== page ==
SILVER SPRING – Local Olympians stressed the importance of inspiring children to reach for their athletic dreams at a ceremony honoring their lofty feat at the Rio Olympics – seven gold medals.
A young local swimmer found that very inspiration in Bethesda Olympian Katie Ledecky’s awe-inspiring four gold medals at the summer Olympics, dedicating herself to her beloved sport year-round.
Like millions of Americans, Ellie Pearson and her family sat inside in August and watched the games in Rio de Janeiro, but Ledecky’s achievement had a special impact on her.
“That was it for her,” said Ellie’s mother, Laura Pearson.
“When she saw Katie Ledecky swim, she wanted to swim all year round,” Laura Pearson said.
On Dec. 19, people packed into the Silver Spring Civic Center to catch a glimpse as the County honored three of its Olympians, Katie Ledecky, Jack Conger and Ashley Nee.
“Again, we just all really appreciate the support we’ve received from the community, and hopefully we’re inspiring little kids to go after their dreams,” Ledecky said. “I never believed I would make it to the Olympics, but just through hard work and surrounding myself with the right people and working hard got me to this point.”
At the event, Gabe Albornoz, director of the Montgomery County Recreation Department, said the County would create a sports hall of fame and that the four Olympic athletes from the County, Ledecky, Conger, Nee and Helen Maroulis, who could not attend the event due to a scheduling conflict, would be among the first inductees.
The four county Olympians took home seven medals collectively, six of them gold.
Ledecky, a graduate of Stone Ridge of the Sacred Heart in Bethesda, competed in her second Olympics and left Rio as one of the United States’ most decorated female swimmers. Our Lady of Good Counsel graduate Conger took the gold as part of the United States’ 4 x 200 meter freestyle in Rio.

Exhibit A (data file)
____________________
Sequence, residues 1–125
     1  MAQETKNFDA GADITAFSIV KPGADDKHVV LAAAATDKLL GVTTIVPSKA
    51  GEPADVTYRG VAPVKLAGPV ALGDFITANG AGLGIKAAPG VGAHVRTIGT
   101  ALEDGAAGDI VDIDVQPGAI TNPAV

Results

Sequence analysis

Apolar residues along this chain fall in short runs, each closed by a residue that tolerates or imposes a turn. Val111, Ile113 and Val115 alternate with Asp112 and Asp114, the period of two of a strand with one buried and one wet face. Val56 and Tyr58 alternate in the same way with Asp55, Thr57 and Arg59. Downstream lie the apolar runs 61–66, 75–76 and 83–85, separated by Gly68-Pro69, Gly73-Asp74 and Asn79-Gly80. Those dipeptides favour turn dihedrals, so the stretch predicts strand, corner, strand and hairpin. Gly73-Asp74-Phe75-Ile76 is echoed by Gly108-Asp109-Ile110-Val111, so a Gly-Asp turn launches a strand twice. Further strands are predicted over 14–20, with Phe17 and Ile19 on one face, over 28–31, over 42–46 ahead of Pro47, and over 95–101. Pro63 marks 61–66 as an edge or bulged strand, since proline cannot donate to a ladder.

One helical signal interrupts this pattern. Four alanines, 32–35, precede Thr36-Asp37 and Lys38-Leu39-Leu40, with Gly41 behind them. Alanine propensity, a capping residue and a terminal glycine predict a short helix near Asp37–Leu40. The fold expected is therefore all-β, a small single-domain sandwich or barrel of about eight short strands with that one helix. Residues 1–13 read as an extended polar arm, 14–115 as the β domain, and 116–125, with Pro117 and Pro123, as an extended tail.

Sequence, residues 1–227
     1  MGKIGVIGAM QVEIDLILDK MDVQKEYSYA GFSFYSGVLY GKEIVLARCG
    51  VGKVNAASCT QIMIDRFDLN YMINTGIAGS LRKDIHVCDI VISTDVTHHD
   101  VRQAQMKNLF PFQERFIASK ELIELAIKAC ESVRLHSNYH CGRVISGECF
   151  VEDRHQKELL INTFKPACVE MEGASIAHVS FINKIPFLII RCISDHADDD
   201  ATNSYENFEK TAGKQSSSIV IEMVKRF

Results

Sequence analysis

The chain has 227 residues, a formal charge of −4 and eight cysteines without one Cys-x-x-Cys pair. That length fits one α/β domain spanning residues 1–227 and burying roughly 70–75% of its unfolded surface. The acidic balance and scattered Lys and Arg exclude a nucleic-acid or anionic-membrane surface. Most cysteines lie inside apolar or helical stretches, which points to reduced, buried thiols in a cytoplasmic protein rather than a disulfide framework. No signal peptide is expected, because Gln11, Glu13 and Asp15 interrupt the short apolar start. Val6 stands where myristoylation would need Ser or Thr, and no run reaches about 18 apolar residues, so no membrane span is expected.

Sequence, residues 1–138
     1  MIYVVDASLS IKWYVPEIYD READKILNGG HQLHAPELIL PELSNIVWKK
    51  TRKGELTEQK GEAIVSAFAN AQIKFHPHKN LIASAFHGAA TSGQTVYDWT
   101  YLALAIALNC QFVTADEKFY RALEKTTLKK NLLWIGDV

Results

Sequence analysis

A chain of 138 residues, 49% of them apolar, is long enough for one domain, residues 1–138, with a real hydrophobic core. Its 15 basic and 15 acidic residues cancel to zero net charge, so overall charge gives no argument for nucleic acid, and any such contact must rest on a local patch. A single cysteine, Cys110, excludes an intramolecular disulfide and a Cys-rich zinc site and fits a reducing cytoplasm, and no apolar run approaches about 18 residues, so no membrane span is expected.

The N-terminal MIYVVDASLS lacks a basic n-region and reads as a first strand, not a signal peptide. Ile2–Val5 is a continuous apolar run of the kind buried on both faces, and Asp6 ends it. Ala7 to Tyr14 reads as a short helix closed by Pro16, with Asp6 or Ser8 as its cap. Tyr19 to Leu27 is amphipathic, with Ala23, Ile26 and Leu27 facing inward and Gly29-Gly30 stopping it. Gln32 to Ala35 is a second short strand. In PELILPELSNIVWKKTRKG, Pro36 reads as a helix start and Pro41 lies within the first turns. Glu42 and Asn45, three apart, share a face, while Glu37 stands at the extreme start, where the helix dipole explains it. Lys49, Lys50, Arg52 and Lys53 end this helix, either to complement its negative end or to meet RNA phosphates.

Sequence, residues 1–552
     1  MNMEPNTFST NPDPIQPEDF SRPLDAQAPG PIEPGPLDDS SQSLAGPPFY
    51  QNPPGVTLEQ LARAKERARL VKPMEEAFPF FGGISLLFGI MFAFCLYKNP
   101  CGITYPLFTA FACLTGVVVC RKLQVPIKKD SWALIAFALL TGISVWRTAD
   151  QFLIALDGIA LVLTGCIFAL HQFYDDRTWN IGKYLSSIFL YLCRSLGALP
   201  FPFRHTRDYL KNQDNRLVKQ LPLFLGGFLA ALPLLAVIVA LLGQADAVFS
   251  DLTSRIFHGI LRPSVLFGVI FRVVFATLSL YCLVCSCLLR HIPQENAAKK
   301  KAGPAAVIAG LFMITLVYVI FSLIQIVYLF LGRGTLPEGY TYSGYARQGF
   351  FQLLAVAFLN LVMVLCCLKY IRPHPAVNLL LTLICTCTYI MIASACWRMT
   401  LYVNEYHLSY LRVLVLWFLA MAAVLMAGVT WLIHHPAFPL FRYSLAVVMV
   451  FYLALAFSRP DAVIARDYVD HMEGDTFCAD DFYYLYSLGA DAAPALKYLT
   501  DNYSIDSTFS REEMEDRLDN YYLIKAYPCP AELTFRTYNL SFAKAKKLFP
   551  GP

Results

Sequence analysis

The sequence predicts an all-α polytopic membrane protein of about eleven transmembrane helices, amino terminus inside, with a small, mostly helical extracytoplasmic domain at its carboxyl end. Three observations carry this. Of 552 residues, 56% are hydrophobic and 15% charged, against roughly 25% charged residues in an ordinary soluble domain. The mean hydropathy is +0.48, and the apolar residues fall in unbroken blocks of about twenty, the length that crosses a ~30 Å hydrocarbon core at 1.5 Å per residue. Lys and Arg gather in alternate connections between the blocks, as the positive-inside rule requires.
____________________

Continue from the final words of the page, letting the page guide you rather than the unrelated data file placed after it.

“I just wanted to thank everyone in Montgomery County for always supporting me and helping me achieve my dreams,” Conger said in his first post-Olympics speech. “And you know, going to Rio really made me realize how badly I still want to go to Tokyo and keep fighting and keep moving forward.”
After missing the 2008 Beijing Olympics with an injury and missing the 2012 London games, Nee, a graduate of Northwest High School, bounced back and made her first Olympics, competing in canoe slalom racing in the Rio Olympics.
Maroulis, a graduate of Magruder High School, gave the United States its first women’s wrestling gold medal whens she beat 13-time champion Saori Yoshida.
The civic center was filled to capacity as parents and their kids tried to get a glimpse of the Olympians. After the ceremony, Ledecky, Conger and Nee posed for photos with kids and their parents.
“The kids that came out today were incredible,” Nee said. “I wish I could stay all night and take pictures. That is why we do this. That is what keeps me in the cold water everyday.”
Monday night was a bit of deja vu for the Rosenthal family.
Four years ago, Shoshana Rosenthal, 13, and her family had met Montgomery County’s youngest gold medalist – Ledecky – at a ceremony honoring local Olympians. Shoshana and her family once posed for a photo with Ledecky as she wore the gold medal for the 800-meter freestyle in the 2012 Summer Olympics in London.
“She’s an inspiration, and I also enjoy swimming,” Shoshana said.
Four years later, the family would again pose for another photo with Ledecky, this time after Ledecky won four gold medals and one silver medal and broke two world records in Rio de Janeiro.
“Hopefully, seeing three of us up there and knowing we all came from this County – hopefully, that inspires all those little kids that were out there to work towards their dreams whether it’s in their sport, in school or whatever it is to go for the top and work towards that,” Ledecky said.